54. Apaja PM, Xu H, Lukacs GL. Quality control for unfolded proteins at the plasma membrane. J Cell Biol. 2010;191:553–70.PubMedPubMed CentralView ArticleGoogle Scholar
  55. Goder V. Roles of ubiquitin in endoplasmic reticulum-associated protein degradation (ERAD). Curr Protein Pept Sci. 2012;13:425–35.PubMedView ArticleGoogle Scholar
  56. Barriere H, Nemes C, Du K, Lukacs GL. Plasticity of polyubiquitin recognition as lysosomal targeting signals by the endosomal sorting machinery. Mol Biol Cell. 2007;18:3952–65.PubMedPubMed CentralView ArticleGoogle Scholar
  57. Piper RC, Dikic I, Lukacs GL. Ubiquitin-dependent sorting in endocytosis. Cold Spring Harb Perspect Biol. 2014;6.Google Scholar
  58. Le Bivic A, Real FX, Rodriguez-Boulan E. Vectorial targeting of apical and basolateral plasma membrane proteins in a human adenocarcinoma epithelial cell line. Proc Natl Acad Sci U S A. 1989;86:9313–7.PubMedPubMed CentralView ArticleGoogle Scholar
  59. Dayel MJ, Hom EF, Verkman AS. Diffusion of green fluorescent protein in the aqueous-phase lumen of endoplasmic reticulum. Biophys J. 1999;76:2843–51.PubMedPubMed CentralView ArticleGoogle Scholar
  60. Wilson JM, de Hoop M, Zorzi N, Toh BH, Dotti CG, Parton RG. EEA1, a tethering protein of the early sorting endosome, shows a polarized distribution in hippocampal neurons, epithelial cells, and fibroblasts. Mol Biol Cell. 2000;11:2657–71.PubMed CentralView ArticlePubMedGoogle Scholar
  61. Vanlandingham PA, Ceresa BP. Rab7 regulates late endocytic trafficking downstream of multivesicular body biogenesis and cargo sequestration. J Biol Chem. 2009;284:12110–24.PubMedPubMed CentralView ArticleGoogle Scholar
  62. Glozman R, Okiyoneda T, Mulvihill CM, Rini JM, Barriere H, Lukacs GL. N-glycans are direct determinants of CFTR folding and stability in secretory and endocytic membrane traffic. J Cell Biol. 2009;184:847–62.PubMedPubMed CentralView ArticleGoogle Scholar
  63. Sigismund S, Woelk T, Puri C, Maspero E, Tacchetti C, Transidico P, et al. Clathrin-independent endocytosis of ubiquitinated cargos. Proc Natl Acad Sci U S A. 2005;102:2760–5.PubMedPubMed CentralView ArticleGoogle Scholar
  64. Sigismund S, Argenzio E, Tosoni D, Cavallaro E, Polo S, Di Fiore PP. Clathrin-mediated internalization is essential for sustained EGFR signaling but dispensable for degradation. Dev Cell. 2008;15:209–19.PubMedView ArticleGoogle Scholar
  65. Kazazic M, Roepstorff K, Johannessen LE, Pedersen NM, van Deurs B, Stang E, Madshus IH. EGF-induced activation of the EGF receptor does not trigger mobilization of caveolae. Traffic. 2006;7:1518–27.PubMedView ArticleGoogle Scholar
  66. Johnson LS, Dunn KW, Pytowski B, McGraw TE. Endosome acidification and receptor trafficking: bafilomycin A1 slows receptor externalization by a mechanism involving the receptor’s internalization motif. Mol Biol Cell. 1993;4:1251–66.PubMedPubMed CentralView ArticleGoogle Scholar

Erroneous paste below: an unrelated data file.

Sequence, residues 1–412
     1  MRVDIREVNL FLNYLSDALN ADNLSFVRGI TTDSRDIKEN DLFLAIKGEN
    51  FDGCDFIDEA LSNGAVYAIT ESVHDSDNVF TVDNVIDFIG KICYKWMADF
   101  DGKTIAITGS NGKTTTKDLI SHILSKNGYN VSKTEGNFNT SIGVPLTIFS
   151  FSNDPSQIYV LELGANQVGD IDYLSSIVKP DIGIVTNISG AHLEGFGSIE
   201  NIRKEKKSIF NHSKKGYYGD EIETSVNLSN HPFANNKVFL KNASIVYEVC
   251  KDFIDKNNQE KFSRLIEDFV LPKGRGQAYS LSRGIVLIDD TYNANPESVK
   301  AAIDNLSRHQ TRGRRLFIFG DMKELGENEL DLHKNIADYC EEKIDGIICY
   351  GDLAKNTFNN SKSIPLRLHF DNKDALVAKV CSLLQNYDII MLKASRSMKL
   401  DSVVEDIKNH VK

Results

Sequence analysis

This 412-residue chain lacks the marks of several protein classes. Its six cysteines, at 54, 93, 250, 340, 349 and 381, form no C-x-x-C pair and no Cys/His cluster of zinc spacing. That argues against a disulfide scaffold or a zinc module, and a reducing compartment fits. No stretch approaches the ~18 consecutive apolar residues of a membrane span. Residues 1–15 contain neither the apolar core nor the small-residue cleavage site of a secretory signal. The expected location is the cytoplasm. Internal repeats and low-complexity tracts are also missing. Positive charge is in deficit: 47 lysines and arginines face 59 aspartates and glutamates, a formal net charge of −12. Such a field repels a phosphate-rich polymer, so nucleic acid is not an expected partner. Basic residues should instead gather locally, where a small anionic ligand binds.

67. Weisz OA. Acidification and protein traffic. Int Rev Cytol. 2003;226:259–319.PubMedView ArticleGoogle Scholar
  68. Casey JR, Grinstein S, Orlowski J. Sensors and regulators of intracellular pH. Nat Rev Mol Cell Biol. 2010;11:50–61.PubMedView ArticleGoogle Scholar
  69. Barriere H, Apaja P, Okiyoneda T, Lukacs GL. Endocytic sorting of CFTR variants monitored by single-cell fluorescence ratiometric image analysis (FRIA) in living cells. Methods Mol Biol. 2011;741:301–17.PubMedView ArticleGoogle Scholar
  70. Hacker G. The morphology of apoptosis. Cell Tissue Res. 2000;301:5–17.PubMedView ArticleGoogle Scholar
  71. Maeno E, Ishizaki Y, Kanaseki T, Hazama A, Okada Y. Normotonic cell shrinkage because of disordered volume regulation is an early prerequisite to apoptosis. Proc Natl Acad Sci U S A. 2000;97:9487–92.PubMedPubMed CentralView ArticleGoogle Scholar
  72. Bortner CD, Cidlowski JA. The role of apoptotic volume decrease and ionic homeostasis in the activation and repression of apoptosis. Pflugers Arch. 2004;448:313–8.PubMedView ArticleGoogle Scholar
  73. Andree HA, Reutelingsperger CP, Hauptmann R, Hemker HC, Hermens WT, Willems GM. Binding of vascular anticoagulant alpha (VAC alpha) to planar phospholipid bilayers. J Biol Chem. 1990;265:4923–8.PubMedGoogle Scholar
  74. Vandenabeele P, Galluzzi L, Vanden Berghe T, Kroemer G. Molecular mechanisms of necroptosis: an ordered cellular explosion. Nat Rev Mol Cell Biol. 2010;11:700–14.PubMedView ArticleGoogle Scholar
  75. Vermes I, Haanen C, Steffens-Nakken H, Reutelingsperger C. A novel assay for apoptosis. Flow cytometric detection of phosphatidylserine expression on early apoptotic cells using fluorescein labelled Annexin V. J Immunol Methods. 1995;184:39–51.PubMedView ArticleGoogle Scholar
  76. Galluzzi L, Aaronson SA, Abrams J, Alnemri ES, Andrews DW, Baehrecke EH, et al. Guidelines for the use and interpretation of assays for monitoring cell death in higher eukaryotes. Cell Death Differ. 2009;16:1093–107.PubMedPubMed CentralView ArticleGoogle Scholar
  77. Galluzzi L, Bravo-San Pedro JM, Vitale I, Aaronson SA, Abrams JM, Adam D, et al. Essential versus accessory aspects of cell death: recommendations of the NCCD 2015. Cell Death Differ. 2015;22:58–73.View ArticlePubMedGoogle Scholar
  78. Sharma M, Pampinella F, Nemes C, Benharouga M, So J, Du K, et al. Misfolding diverts CFTR from recycling to degradation: quality control at early endosomes. J Cell Biol. 2004;164:923–33.PubMedPubMed CentralView ArticleGoogle Scholar